The New York Times reported that Hudson Yards, the 28-acre complex of office buildings and luxury housing, has received almost $6 billion in government assistance and tax breaks. This deal follows the failed Amazon headquarters deal, where Amazon would have received $3 billion in tax breaks and created 25,000 jobs.
Hudson Yards is an expansive real estate development that will be home to many high-end retail shops, major corporations’ headquarters, and luxury apartments and condos. New York City spent about $2.4 billion to extend a subway line to the site and is providing $1.2 billion for four acres of parks and open spaces within the complex. These numbers are included in the $6 billion number cited above.
The project’s adversaries say wealthy businesses should pay their fair share and should not rely on government incentives to take on projects. Opponents specifically criticize Hudson Yards developers’ receiving over $1 billion in property tax breaks. However, supporters say the government incentives will pay for themselves by creating a new business district, thousands of new jobs, and making significant overall improvements to the neighborhood at large.
Many are comparing Hudson Yards to the Amazon deal, however, that comparison is misguided for a number of reasons. First of all, the project was first conceived following September 11th, when New York was in a state of economic downturn and overall disarray. Nobody knew what the future held for New York City and the housing crisis was not what it is today. Indeed, 20 years in the making, the tax breaks and incentives the wealthy developers have received appear suspect. However, it is understandable that New York City, in the wake of a crisis, would jump at an opportunity to create more housing and a new business district that would be sure to bring in money in years to come. In comparison, in the current economy and housing crisis, the harm the Amazon deal would cause is much more foreseeable and unnecessary. Indeed, it would create jobs, but those jobs would be for relatively high earners who will add stress to the city’s housing predicament.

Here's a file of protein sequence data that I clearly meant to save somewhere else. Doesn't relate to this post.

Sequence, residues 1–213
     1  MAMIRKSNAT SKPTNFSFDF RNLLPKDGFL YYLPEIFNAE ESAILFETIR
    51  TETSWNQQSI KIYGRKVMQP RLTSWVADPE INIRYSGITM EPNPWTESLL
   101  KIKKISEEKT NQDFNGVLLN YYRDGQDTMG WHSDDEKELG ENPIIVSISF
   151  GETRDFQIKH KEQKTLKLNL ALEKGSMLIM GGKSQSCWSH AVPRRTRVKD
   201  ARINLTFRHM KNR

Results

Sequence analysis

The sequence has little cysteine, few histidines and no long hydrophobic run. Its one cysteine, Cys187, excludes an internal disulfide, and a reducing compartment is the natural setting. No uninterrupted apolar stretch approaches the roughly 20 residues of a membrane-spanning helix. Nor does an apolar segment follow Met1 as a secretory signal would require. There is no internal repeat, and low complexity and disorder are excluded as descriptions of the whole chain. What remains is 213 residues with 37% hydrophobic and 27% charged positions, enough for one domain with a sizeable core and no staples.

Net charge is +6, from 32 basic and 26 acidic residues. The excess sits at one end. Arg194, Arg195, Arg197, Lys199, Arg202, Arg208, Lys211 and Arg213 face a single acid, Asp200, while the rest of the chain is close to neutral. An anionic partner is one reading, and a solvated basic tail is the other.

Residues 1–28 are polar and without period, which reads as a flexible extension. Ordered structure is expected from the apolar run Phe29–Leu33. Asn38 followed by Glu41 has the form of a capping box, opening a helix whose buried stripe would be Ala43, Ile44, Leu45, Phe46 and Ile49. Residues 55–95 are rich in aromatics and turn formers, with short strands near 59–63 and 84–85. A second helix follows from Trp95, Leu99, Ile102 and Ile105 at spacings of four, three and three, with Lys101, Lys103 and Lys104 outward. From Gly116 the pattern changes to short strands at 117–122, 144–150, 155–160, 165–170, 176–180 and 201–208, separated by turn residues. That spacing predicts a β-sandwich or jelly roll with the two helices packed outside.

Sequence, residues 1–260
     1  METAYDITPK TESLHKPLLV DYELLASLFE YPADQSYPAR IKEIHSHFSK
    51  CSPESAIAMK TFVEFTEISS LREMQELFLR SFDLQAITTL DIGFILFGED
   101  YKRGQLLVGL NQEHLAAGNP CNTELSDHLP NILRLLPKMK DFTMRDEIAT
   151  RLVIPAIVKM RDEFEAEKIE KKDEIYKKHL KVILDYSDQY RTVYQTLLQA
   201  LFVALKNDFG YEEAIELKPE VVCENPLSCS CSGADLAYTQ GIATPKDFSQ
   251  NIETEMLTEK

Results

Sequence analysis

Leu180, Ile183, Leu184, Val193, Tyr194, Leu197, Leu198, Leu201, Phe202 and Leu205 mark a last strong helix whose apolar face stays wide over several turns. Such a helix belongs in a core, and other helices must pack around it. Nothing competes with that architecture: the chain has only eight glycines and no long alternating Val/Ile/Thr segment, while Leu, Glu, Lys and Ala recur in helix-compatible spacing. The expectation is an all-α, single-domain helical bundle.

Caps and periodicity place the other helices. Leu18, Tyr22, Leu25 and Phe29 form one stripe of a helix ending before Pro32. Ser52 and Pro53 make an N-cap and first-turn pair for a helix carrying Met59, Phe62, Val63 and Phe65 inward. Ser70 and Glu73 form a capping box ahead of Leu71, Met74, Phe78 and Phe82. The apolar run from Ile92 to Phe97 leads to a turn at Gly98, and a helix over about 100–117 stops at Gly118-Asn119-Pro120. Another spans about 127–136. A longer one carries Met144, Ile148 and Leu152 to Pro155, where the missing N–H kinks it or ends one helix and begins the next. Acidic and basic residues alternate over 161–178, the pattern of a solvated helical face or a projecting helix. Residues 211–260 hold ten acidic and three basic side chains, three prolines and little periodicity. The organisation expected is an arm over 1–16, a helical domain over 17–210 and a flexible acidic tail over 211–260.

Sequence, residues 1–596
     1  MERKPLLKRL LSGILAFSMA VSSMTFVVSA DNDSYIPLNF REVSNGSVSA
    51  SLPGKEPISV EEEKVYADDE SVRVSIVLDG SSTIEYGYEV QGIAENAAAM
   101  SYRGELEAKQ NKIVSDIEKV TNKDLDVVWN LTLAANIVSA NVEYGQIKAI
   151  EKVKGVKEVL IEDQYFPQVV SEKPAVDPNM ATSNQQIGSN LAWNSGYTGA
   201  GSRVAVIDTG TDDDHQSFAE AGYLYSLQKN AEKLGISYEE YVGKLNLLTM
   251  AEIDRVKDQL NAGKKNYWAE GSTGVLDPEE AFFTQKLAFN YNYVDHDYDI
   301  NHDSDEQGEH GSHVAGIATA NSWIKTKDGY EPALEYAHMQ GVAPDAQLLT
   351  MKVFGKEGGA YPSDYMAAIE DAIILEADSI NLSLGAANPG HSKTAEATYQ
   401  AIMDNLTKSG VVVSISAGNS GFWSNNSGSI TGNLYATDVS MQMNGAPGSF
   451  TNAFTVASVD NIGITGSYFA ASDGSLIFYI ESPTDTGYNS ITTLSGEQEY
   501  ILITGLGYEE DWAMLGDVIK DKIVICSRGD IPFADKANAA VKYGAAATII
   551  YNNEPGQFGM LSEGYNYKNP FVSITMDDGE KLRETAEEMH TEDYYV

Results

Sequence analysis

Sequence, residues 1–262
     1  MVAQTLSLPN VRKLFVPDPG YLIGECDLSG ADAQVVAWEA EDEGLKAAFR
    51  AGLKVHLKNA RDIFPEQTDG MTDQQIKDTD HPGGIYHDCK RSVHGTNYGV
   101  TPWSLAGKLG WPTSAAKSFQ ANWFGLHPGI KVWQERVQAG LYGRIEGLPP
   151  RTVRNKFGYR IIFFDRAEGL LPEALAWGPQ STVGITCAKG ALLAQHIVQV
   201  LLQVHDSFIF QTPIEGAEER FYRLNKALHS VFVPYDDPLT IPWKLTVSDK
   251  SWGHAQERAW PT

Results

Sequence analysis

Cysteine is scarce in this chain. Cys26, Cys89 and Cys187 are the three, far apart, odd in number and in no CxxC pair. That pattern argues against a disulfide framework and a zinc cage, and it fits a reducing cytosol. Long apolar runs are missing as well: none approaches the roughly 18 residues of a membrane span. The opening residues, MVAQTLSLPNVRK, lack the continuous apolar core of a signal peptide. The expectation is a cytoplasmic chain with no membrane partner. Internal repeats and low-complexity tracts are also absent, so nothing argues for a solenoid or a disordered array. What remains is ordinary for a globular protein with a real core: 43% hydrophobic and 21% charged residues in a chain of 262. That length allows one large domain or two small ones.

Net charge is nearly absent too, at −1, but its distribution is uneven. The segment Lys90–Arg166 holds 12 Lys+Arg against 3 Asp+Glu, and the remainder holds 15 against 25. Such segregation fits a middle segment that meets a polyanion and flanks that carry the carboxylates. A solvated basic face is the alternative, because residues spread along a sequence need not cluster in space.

Similarly, the projects themselves are vastly different. Hudson Yards is adding 4000 units of housing to New York City’s market, including 400 below-market-rate units accessible through the city’s affordable housing lottery. Though Amazon would have created a vast number of jobs, most of those jobs would have been for software engineers and other skilled workers. In comparison, Hudson Yards will have numerous restaurants and retail stores, which will create unskilled jobs. Additionally, the expansion of the subway line and the creation of parks will require manual labor.
All in all, it is unfortunate that cities need to incentivize large companies to take on projects. The property tax cuts are particularly discouraging. But it will take tax reform across the board to resolve this issue. Corporations simply will not spend the money unless they have no alternative option. Cities will continue to strive for long-term, wide-scale economic benefits, even when they might harm individual taxpayers in the interim.